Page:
9. The cluster mass function
In the CDM model rich clusters of galaxies grow out of the rare peak upward fluctuations in the primeval Gaussian mass distribution. Within this model one can adjust the amplitude of the mass fluctuations to match the abundance of clusters at one epoch. In the Einstein-de Sitter model it is difficult to see how this one free adjustment can account for the abundance of rich clusters now and at redshifts near unity. 88
Most authors now agree that the low density flat CDM model can give a reasonable fit to the cluster abundances as a function of redshift. The constraint on M0 from the present cluster abundance still is under discussion, but generally is found to be close to M0 ~ 0.3 if galaxies trace mass. 89 The constraint from the evolution of the cluster number density also is under discussion. 90 The predicted evolution is slower in a lower density universe, and at given M0 the evolution is slower in an open model with = 0 than in a spatially-flat model with (for the reasons discussed in Sec. III.D). Bahcall and Fan (1998) emphasize that we have good evidence for the presence of some massive clusters at z ~ 1, and that this is exceedingly difficult to understand in the CDM model in the Einstein-de Sitter cosmology (when biasing is adjusted to get a reasonable present number density). Low density models with or without can account for the existence of some massive clusters at high redshift. Distinguishing between the predictions of the spatially curved and flat low density cases awaits better measurements.
10. Biasing and the development of nonlinear mass density fluctuations
Elements of the physics of cluster formation in test (9) appear in this test of the early stages in the nonlinear growth of departures from homogeneity. An initially Gaussian mass distribution becomes skew as low density fluctuations start to bottom out and high density fluctuations start to develop into prominent mass peaks. The early signature of this nonlinear evolution is the disconnected three-point mass autocorrelation function, <(, t) (, t) (, t)>, where (, t) = / is the dimensionless mass contrast. If galaxies are useful mass tracers the galaxy three-point function is a good measure of this mass function.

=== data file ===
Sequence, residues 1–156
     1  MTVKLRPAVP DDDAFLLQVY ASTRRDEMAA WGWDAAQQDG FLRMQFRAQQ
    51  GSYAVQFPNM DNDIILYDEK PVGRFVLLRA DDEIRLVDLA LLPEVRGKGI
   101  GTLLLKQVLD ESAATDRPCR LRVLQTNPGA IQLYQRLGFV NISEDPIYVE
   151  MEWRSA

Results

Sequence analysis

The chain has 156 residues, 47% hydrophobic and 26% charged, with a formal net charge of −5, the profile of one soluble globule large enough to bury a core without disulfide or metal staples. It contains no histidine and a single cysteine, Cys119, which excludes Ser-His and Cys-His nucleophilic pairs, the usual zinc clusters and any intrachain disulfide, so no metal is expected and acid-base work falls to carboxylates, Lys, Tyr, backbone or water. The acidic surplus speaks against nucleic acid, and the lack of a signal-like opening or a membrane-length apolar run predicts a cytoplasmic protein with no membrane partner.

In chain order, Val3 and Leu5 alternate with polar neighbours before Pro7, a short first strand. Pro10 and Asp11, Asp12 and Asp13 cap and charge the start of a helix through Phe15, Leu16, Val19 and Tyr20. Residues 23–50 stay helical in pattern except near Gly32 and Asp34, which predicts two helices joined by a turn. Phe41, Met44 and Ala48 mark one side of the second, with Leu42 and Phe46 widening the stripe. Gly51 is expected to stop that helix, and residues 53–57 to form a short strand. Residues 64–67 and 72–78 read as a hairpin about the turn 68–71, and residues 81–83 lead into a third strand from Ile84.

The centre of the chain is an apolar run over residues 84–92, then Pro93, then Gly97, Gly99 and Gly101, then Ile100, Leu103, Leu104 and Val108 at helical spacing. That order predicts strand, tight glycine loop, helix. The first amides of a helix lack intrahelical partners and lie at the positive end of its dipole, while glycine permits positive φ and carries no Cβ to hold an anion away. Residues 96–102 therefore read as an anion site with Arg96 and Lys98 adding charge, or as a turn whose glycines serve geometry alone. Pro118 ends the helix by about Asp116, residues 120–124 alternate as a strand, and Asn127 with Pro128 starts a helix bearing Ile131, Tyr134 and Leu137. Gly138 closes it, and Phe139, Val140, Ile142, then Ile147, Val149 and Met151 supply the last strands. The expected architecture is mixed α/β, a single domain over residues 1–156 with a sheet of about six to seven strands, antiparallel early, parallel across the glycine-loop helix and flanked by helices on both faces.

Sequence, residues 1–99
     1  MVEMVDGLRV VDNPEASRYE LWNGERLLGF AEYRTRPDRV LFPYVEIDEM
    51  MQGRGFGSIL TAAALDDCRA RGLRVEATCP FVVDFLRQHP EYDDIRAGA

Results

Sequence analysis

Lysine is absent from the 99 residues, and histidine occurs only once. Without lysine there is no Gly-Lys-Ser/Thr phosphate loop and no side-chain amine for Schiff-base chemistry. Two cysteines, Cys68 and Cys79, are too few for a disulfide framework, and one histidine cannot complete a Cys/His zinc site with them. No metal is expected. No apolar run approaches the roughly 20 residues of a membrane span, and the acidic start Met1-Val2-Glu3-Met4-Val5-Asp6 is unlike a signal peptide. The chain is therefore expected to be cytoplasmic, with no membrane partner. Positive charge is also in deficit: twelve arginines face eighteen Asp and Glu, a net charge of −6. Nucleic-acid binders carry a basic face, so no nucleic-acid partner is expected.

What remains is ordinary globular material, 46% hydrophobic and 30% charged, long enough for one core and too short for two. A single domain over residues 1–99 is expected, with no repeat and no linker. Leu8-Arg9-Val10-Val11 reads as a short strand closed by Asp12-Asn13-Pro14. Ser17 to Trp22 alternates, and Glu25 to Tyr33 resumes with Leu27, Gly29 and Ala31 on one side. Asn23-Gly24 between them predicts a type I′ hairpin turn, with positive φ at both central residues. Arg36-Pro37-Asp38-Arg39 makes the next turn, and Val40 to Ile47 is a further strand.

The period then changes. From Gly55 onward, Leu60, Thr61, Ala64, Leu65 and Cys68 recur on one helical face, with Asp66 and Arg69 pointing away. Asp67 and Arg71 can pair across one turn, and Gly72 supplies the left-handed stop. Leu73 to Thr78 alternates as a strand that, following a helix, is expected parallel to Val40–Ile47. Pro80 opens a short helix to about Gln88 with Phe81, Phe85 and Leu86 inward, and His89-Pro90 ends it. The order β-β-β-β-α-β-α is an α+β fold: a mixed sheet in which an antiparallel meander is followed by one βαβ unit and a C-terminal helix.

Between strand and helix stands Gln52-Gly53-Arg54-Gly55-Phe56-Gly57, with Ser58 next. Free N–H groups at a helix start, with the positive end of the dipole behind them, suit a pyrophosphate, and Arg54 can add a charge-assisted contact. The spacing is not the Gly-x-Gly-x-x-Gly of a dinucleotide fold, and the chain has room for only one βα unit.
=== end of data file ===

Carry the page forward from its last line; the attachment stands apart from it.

The form for the mass three-point function, for Gaussian initial conditions at high redshift, in lowest nonzero order in perturbation theory, is worked out in Fry (1984), and Fry (1994) makes the point that measurements of the galaxy three-point function test how well galaxies trace mass. 91 There are now two sets of measurements of the galaxy three-point function on scales ~ 10 to 20 Mpc, where the density fluctuations are not far from Gaussian. One uses infrared-selected IRAS galaxies, 92 the other optically-selected galaxies (Verde et al., 2002). The latter is consistent with the perturbative computation of the mass three-point function for Gaussian initial conditions. The former says infrared-selected galaxies are adequate mass tracers apart from the densest regions, which IRAS galaxies avoid. That has a simple interpretation in astrophysics: galaxies in dense regions tend to be swept clear of the gas and dust that make galaxies luminous in the infrared.